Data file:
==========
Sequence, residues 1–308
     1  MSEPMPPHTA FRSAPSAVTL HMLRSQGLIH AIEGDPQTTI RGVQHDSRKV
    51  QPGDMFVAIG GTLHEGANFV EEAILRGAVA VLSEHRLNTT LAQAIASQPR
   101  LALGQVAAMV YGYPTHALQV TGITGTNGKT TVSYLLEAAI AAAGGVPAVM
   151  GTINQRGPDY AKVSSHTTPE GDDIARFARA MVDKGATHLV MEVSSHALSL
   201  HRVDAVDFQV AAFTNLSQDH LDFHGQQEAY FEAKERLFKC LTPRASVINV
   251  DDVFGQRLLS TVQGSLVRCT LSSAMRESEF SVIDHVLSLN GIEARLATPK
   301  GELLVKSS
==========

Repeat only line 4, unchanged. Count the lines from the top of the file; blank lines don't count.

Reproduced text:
   101  LALGQVAAMV YGYPTHALQV TGITGTNGKT TVSYLLEAAI AAAGGVPAVM